At Transitions, we use multiple forms of therapy to help girls along their journey from their trauma and pain toward wholeness and healing. One form of therapy we use is art therapy and often it brings amazing insights and results. Recently Sovann, one of the girls in the Dream Home program, created something beautiful while reflecting on her time with Transitions, and has agreed to let us share it with you. The prompt for this art assessment was to draw a nest. Sometimes people doing this assessment choose to draw nests that stand alone, and others draw them in trees. Some people want to have eggs in their nest, and some leave them empty. Some have mother birds there to protect the eggs, and some have no birds at all. Some people depict the roots of the tree deep and far reaching, but sometimes the trees are not well rooted. The choices girls make when drawing these nests are important indicators of the state of their attachment and security, past and present. After Sovann drew her drawing, she was asked to tell a story to describe it. This is what she said: “This is a story about a bird. When the bird first came to the nest, she was small and skinny and not pretty. But the nest is in a safe place and has flowers and shade and food, and now the bird is big and beautiful and soon she will learn to fly. The tree is a safe place with plenty of fruit growing on the branches. And if that fruit is not in season then it’s okay because the house moms will go to the market and buy different kinds of fruit.” Then she looked up and said, “This tree is the Dream Home and I am the big, beautiful bird who is learning to fly”. Often, in this particular art assessment when there is a grown-up bird depicted, it represents a present adult caretaker, but for Sovann, the big bird is her. And the baby bird depicts her when she first arrived at the Dream Home. As Sovann shared this story with her treatment team, they experienced a deep-felt sense of joy. The number one goal we have at the Dream Home is to establish a sense of safety, security, and protection for our residents. We want to give them a place where they can heal, grow, and learn to fly. In this drawing, Sovann told us that all of our efforts were successful in giving her just what she needed to heal. She’s happy in this tree and while she may not be quite ready to fly, she knows that she soon will be.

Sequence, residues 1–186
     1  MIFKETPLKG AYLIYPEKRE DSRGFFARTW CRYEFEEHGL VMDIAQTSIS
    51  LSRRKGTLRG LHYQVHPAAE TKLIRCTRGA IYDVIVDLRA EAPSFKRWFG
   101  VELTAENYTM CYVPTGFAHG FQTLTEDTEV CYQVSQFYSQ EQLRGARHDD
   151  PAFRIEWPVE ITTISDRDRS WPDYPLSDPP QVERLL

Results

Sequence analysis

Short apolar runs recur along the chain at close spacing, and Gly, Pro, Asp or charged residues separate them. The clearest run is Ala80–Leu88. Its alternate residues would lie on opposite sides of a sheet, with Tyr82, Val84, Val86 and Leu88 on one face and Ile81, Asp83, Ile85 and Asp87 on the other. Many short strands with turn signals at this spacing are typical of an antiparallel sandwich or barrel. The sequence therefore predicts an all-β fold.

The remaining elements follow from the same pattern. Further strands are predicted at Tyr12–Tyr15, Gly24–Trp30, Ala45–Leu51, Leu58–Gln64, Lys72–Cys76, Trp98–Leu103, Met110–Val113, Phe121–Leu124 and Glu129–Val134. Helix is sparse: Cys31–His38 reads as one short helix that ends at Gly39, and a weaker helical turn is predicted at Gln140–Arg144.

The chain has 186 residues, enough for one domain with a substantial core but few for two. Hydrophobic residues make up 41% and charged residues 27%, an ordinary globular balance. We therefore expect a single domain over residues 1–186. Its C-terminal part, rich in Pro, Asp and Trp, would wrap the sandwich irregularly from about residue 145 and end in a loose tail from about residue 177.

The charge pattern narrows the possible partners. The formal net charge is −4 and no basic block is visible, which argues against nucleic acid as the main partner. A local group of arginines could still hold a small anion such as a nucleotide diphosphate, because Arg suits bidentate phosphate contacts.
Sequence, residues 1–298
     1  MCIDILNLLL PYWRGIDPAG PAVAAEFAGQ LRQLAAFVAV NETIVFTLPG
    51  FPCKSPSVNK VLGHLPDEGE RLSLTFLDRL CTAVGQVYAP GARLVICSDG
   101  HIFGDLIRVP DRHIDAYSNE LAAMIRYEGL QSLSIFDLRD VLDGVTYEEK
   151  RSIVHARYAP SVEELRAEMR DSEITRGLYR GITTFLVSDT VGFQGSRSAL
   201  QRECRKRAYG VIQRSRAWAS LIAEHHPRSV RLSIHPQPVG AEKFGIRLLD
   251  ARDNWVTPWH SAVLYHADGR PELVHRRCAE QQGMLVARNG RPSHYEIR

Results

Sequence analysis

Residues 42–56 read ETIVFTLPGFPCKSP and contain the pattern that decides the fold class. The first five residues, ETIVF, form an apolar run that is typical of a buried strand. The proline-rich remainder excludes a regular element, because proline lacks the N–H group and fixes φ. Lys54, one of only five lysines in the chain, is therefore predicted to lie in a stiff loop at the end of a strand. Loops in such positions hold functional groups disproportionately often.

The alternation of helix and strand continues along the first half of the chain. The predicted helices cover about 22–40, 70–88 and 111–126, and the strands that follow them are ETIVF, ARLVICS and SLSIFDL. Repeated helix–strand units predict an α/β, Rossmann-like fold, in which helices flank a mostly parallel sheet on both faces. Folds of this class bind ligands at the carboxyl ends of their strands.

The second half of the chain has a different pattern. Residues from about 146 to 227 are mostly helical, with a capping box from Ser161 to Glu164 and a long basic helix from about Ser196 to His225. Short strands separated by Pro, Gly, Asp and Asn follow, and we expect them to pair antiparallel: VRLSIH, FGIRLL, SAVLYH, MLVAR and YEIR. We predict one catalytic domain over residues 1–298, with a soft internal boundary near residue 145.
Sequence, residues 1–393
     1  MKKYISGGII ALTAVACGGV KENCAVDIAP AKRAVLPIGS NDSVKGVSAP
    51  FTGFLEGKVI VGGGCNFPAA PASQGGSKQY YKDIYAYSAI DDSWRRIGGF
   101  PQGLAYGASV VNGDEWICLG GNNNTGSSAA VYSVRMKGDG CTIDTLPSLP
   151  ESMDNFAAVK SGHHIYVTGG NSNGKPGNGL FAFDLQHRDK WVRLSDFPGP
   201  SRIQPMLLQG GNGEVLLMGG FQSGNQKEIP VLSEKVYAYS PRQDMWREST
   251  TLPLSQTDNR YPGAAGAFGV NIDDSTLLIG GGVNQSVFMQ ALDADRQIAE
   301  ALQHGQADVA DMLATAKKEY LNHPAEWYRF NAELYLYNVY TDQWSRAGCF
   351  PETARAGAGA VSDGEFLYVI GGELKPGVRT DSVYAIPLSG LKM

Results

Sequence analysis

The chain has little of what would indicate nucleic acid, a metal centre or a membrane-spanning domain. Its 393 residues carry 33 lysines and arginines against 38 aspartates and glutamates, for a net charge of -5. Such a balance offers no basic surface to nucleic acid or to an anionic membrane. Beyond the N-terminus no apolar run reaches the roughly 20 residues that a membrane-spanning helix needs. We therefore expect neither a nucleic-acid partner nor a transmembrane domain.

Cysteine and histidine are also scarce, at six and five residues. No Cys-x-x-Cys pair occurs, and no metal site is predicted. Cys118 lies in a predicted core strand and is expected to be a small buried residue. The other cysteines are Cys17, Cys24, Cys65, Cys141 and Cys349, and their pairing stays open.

Our second semester at Shine has begun and the girls are really enjoying their full schedule of learning. We have our second set of girls learning cookery with a Western chef, English and Khmer literacy, computer class, mathematics, life skills classes and a whole host of fun electives. This semester we are offering knitting, gardening, baking, and for P.E. we have found two amazing outlets for our Dream Home girls, skateboarding and breakdancing!
Thanks to two local organizations, Skateistan and Tiny Toones, our girls are spending two hours every week learning to connect with their bodies and engage in some very cool physical activity. The first hour is for skateboarding, where the girls are learning about balance and flexibility. After just three sessions, they can skate up small ramps and under low-slung ropes. The second hour is for break dancing, where the girls are improving their strength and flexibility. The most recent class taught the girls about balancing on their heads! By the end of class, everyone could do it, if only for a few seconds.